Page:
He urged the panel to recommend a shake up of the nation's 14 separate intelligence agencies, including the establishment of a domestic intelligence agency modeled on Britain's MI5 and the appointment of an intelligence czar. "You would never even dream in the private sector of having 14 different departments doing the same thing and no one in charge," he said.
He also called for action to address "the causes of terror," saying it would require "a major change in the government's mindset." He said U.S. policy in the Middle East "especially towards our so-called friends like Saudi Arabia," needed to be re-evaluated. "We also need to re-examine our policy towards Israel. I am a supporter of Israel, but we've turned a blind eye to the expansion of the settlements (in the Palestinian territories), and it's all connected."
"I believe that we will never be safe from terrorism," he concluded, "until the Arab Muslim countries begin to experience democracy."
Mindy Kleinberg, who lost her husband in the attacks, poured scorn on the idea that terrorists who hijacked the four planes that day just got lucky. "The 9/11 terrorists were not lucky just once. They were lucky over and over and over again," she said, outlining the many warnings ignored and procedures not followed. She said that had the Immigration and Naturalization Service and the State Department "followed the law, at least 15 of the hijackers would have been denied visas and would not have been in the United States on September 11th, 2001."
She also criticized the Federal Aviation Administration's delay in notifying the military about the hijacking, and their delay in scrambling fighters to try and intercept the planes. "In a national emergency," she said, "seconds of indecision can cost thousands of lives."
Kean thanked all the witnesses, pointing out that, were it not for the persistent demands of the families, the commission probably would not have been formed at all. President George W. Bush initially opposed the establishment of such an inquiry, and only vocal public lobbying of congress by victims' relatives ensured the passage of the bill mandating the ten member panel last October.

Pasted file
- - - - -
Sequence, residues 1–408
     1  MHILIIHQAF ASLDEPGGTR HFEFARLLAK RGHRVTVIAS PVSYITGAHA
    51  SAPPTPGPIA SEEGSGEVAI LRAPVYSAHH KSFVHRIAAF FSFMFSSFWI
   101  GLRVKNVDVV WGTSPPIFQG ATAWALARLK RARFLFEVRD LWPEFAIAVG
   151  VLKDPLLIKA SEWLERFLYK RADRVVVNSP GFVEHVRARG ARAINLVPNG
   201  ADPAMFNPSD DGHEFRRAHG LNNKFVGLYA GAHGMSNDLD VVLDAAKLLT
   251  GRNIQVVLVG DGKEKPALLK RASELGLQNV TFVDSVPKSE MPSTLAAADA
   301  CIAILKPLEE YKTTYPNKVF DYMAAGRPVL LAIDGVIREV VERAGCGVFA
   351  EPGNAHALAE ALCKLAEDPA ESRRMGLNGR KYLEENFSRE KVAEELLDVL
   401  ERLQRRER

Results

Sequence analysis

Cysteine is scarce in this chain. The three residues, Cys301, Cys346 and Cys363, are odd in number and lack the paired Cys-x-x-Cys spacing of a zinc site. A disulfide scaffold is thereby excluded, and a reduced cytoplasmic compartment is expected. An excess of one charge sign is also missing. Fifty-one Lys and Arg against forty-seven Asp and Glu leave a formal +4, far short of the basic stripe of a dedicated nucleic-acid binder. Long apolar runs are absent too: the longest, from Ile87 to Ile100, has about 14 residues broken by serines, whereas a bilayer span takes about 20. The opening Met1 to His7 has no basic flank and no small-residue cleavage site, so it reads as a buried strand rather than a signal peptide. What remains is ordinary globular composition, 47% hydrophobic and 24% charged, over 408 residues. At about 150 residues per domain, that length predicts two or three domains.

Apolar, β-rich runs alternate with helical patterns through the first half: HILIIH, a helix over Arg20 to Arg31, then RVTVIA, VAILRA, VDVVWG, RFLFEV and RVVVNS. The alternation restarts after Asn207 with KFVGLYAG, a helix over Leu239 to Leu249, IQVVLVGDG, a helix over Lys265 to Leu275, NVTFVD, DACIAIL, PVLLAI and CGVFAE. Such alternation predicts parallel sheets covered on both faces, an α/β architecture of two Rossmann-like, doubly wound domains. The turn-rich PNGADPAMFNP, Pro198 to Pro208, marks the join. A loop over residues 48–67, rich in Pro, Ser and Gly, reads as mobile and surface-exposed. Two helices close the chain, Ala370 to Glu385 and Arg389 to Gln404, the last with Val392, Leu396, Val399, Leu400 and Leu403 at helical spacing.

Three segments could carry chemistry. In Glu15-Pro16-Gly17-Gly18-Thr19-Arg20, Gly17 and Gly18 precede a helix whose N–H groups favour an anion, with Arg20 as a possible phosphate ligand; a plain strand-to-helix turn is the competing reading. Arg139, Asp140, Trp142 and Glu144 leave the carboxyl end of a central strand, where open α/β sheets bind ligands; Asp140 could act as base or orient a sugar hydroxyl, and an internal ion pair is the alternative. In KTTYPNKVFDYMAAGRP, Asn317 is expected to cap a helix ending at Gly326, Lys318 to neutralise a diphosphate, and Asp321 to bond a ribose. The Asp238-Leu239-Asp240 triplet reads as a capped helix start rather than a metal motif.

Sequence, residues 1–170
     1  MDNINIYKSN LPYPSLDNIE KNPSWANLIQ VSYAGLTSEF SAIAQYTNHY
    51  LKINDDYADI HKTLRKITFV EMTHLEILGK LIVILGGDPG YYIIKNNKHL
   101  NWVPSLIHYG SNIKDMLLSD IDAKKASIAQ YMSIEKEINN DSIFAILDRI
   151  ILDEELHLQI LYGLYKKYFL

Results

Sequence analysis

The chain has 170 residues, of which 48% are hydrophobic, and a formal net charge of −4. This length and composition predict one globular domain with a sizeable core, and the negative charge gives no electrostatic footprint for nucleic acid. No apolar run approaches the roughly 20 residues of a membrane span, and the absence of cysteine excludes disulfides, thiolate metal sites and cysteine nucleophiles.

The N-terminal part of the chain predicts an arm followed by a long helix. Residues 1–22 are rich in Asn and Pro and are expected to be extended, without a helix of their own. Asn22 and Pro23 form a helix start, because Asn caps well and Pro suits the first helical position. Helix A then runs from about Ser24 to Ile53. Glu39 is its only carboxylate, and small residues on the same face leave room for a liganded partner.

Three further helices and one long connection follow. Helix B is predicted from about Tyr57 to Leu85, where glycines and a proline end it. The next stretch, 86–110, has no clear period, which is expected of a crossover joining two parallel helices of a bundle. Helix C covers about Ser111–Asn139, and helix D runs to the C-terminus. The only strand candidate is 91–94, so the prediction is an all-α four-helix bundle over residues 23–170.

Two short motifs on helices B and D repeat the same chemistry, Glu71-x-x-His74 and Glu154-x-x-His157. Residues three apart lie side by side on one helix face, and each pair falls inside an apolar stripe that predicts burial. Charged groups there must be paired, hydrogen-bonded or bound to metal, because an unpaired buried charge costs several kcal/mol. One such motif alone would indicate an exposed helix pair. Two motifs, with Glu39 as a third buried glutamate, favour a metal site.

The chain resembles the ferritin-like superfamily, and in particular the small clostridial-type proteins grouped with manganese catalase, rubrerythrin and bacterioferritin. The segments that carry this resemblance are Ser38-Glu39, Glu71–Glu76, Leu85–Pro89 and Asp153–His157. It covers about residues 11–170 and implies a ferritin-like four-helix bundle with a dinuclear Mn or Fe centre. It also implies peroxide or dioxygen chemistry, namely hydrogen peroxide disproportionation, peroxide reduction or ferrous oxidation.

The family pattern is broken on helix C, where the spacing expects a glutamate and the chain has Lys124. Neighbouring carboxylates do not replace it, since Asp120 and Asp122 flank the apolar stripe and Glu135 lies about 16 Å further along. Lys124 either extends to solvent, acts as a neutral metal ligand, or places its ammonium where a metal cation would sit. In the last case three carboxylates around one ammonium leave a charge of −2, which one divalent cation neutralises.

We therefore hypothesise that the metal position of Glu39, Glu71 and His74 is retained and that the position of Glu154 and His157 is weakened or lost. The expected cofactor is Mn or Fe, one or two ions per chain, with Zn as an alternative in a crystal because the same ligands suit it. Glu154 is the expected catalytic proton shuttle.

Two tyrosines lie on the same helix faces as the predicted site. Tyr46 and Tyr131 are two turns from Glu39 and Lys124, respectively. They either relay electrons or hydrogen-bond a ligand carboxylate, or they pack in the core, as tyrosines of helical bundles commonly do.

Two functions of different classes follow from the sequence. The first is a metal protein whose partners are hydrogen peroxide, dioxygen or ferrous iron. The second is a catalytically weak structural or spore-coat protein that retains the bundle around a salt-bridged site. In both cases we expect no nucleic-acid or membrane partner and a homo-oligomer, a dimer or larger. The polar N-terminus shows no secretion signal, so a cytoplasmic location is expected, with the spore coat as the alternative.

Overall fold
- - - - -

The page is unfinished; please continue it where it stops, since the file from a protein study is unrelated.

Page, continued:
Since then, the commission has faced several hurdles.
Firstly the nomination of controversial former Secretary of State Henry A. Kissinger to head the panel caused protests about the possibility of conflicts of interest - Kissinger runs a lobbying firm with many lucrative contracts with foreign governments and other entities. Eventually, he and the first choice for deputy, former Senate leader George Mitchell, both stepped aside late last year after demands were made that they disclose their client lists.
Then the panel was hobbled by a tiny budget -- $3 million, a tenth of what was spent inquiring into the Whitewater scandal. Last week, commission members said that they had secured a pledge from the White House to up the budget to $12 million, which their staff say will be sufficient.
But the delays have left the panel with a tight deadline - they are congressionally mandated to report by May 2004, only 13 months away, and have what everyone acknowledges to be a huge task.
Commissioner Jamie S. Gorelick congratulated the relatives for their tenacious research, saying it was extraordinary how much they had been able to discover about failures that preceded the attacks with very limited resources and no power of subpoena. "We're turning it over to you now," responded Mary Fetchet, whose 24-year-old son was killed, "and we want to see lots of subpoenas," added Push.
The commission members were all clearly cognizant of the degree of skepticism from many relatives and members of the public. "People are wary," Kean told reporters afterwards, and in his introductory remarks he cited two unhappy precedents -- the panels set up to investigate Pearl Harbor and the Kennedy assassination, saying neither "had fully satisfied the hopes of those who created them."
Push said later he was "keeping his fingers crossed" that the panel would get the cooperation it needed from senior officials like Defense Secretary Donald Rumsfeld and CIA Director George Tenet. He said that having been "dragged kicking and screaming" into giving the commission the go-ahead, he hoped the White House would use its influence to ensure that officials gave testimony is closed door sessions where they could be questioned about security failures. He pointed out that Tenet gave evidence only in open session to the special congressional committee that probed the attacks, "and you can't ask him any questions that matter in public."
"I'm optimistic," said Kean, when asked whether he believed he would get the answers he wanted, "ask me again in six months."
The hearing, at the Alexander Hamilton U.S. Customs House in lower Manhattan, continues Tuesday.